Group Riding – The Good, Bad & Ugly

Group Riding

Ask most coaches and they will tell you that group riding has a place for training, but if you really want to improve you need to be specific to your own needs. 

Group riding has a social aspect that most riders really enjoy and is a great way to be more visible on the road.  It is a place where you can learn how to ride in a pace line allowing you to conserve energy and gain a greater average speed.  If you plan on racing or riding in situations that are tight quarters with other riders a group ride will teach you how to get comfortable with the pack and learn how to ride more smoothly without hitting the brakes in an on/off fashion.

A big challenge occurs when different strengths of riders are within the same group.  What is easy for some may be difficult for others. Every rider has a different ability with limitations as to how fast they can ride and maintain a specific pace. Knowing your own limitations can help you decide which group rides to choose or take a pass on. Most of the time riders will choose a ride or group that is going to challenge them. Taking this path can make you faster to a point, but can also wear you down over a period of time.  With an assortment of riders you will most likely have different agendas with different goals in mind as well. Unless you are fortunate enough to be the strongest one in the group you will probably be working above an intensity that allows for optimal adaptation (for you) in the long run.  This can make the pack setting a detrimental aspect of training not allowing you to maximize your potential no matter what your goal is.

Our bodies react to the type of stress that we place on it with different intensities and distances. Putting some purpose behind each ride will help you make improvement and allow for better monitoring of how your body is responding to the time on the bike. Ultimately you want to be able to come away from a training ride not feeling shattered or as though you need days of recovery. Getting the most out of each ride comes with understanding how you react to the intensity of the ride and knowing what kind of pace or power you are able to sustain for any given period of time on the bike.  If you find yourself in a group ride struggling to hang onto the pack for every ride you are most likely working at an intensity that could eventually do enough harm that will lead to over-training or injury.  This is especially true when the ride happens daily without any designated recovery riding in sight.  Knowing how your body responds over a week or period of weeks with some structured blocks of training will help to manage your training allowing you to make progress.  Stressing the body too much will have a negative effect eventually. This is a common theme with group ride settings.

Once in a while I will hear from an athlete that they “need to be tough and able to experience pain better”.  Having a “no pain no gain” thought process can lead to an unreasonable outlook and be very detrimental to even the best riders.  A vicious cycle occurs when a rider is led to believe that more is better regarding both intensity and distance.  This tendency can have a rider thinking they need to work harder when they feel flat, but most often it is recovery that is needed.  Daily rides that have dedicated riders are more likely to see a pattern like this to emerge.  Setbacks are no fun for anyone to experience, and can be difficult to recover from.  Having a plan that implements recovery on a regular basis will help avoid this type of cycle.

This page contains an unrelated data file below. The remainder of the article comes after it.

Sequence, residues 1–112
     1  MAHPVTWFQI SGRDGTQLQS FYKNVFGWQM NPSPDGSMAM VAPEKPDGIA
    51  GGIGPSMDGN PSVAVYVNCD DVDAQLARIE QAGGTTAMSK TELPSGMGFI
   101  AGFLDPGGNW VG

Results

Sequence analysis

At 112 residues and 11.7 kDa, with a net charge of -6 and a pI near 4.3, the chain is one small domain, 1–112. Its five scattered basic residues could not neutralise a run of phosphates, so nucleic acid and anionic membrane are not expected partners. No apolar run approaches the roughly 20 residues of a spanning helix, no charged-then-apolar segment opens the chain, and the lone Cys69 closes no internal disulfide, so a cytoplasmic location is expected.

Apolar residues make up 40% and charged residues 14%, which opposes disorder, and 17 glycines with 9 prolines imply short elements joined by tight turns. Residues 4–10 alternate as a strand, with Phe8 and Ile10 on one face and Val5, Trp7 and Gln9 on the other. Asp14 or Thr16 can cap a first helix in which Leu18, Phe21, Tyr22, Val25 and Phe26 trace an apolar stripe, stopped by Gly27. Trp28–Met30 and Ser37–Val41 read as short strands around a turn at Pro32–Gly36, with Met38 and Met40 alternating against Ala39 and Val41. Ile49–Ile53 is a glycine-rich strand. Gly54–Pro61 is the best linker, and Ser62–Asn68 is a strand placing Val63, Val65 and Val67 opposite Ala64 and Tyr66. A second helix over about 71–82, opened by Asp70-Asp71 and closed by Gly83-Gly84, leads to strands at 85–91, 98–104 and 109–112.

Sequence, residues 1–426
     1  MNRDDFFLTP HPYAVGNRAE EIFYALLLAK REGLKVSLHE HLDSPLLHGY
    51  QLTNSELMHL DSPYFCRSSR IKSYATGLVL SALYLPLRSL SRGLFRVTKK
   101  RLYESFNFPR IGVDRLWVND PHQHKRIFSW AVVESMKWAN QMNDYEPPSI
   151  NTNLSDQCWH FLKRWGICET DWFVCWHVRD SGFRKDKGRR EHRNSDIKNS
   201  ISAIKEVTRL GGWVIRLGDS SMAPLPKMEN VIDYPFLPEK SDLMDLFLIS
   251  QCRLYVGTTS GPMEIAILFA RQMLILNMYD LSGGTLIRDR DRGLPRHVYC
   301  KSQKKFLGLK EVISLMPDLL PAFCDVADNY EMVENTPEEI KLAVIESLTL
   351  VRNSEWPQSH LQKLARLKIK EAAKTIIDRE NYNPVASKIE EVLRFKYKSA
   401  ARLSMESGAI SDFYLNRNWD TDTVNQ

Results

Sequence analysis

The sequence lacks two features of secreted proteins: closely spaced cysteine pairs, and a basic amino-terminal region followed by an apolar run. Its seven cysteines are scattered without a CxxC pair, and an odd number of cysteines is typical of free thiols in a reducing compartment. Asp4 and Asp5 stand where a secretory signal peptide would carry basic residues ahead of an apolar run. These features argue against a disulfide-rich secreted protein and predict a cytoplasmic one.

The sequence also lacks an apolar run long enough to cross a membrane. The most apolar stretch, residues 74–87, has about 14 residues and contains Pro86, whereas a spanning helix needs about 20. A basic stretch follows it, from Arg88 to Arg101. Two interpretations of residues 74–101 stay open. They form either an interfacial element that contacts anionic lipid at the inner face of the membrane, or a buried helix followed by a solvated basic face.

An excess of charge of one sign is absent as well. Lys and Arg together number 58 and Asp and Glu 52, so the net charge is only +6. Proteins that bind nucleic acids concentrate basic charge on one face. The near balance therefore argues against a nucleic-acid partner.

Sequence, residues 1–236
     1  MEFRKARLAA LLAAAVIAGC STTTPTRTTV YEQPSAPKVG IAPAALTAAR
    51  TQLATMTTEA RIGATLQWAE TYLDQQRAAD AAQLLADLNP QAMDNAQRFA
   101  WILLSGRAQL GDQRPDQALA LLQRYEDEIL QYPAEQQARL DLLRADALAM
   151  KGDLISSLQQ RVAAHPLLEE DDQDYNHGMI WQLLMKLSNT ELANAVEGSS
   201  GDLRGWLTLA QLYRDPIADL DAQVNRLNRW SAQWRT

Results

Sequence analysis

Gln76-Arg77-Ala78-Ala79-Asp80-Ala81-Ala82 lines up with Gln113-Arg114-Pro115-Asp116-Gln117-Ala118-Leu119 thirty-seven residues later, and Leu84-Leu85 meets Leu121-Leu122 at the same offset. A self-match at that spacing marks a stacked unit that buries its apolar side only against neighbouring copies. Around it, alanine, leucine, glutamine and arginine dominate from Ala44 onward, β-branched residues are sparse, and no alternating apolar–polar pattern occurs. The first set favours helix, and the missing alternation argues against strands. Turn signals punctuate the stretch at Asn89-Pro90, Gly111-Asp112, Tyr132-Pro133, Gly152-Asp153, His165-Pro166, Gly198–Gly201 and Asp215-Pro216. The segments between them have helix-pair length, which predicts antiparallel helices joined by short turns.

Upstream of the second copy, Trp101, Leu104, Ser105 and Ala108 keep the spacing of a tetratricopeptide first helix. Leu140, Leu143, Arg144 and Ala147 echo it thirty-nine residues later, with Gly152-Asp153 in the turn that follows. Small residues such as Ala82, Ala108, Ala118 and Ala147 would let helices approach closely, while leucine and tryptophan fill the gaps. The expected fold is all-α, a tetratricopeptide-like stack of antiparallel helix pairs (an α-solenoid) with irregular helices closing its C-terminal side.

Each person is unique and until you try to establish a priority you may find yourself doing the same thing each week and each month not knowing if you’ve made any improvement. I am often challenged as a coach by riders that live in places that are dangerous for solo riding or are required by their team to ride with the group for so many days out of the week.  .

Rather than doing damage control we try our best to utilize the group to our advantage and make the most of each ride knowing what our main goal is.  If you find yourself unable to do an easy ride in a group setting or it seems that you’re always struggling to hang on consider choosing the group rides as intensity days and do the easier rides solo or with a friend that won’t mind taking it easy.  The peaks and valleys of intensity and recovery are necessary for achieving a higher level of fitness. While group riding is fun it can also be detrimental to your best performance.  Trying to find a way to make the most of the pack so that it works to your advantage can help you enjoy the rides more and hopefully help you gain the strength you need to improve your performance for the next event.

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Clive Hirst

Clive Hirst was born and bought up in Frankfort, Kentucky. He was the only child of his parents. He graduated from Kentucky State University and did a major on Microbiology. He is a veteran cyclist and has travelled all across the United States. He is currently working as an assistant professor in a middle eastern College, somewhere in Kurdistan and he still loves cycling when he is not teaching his students.

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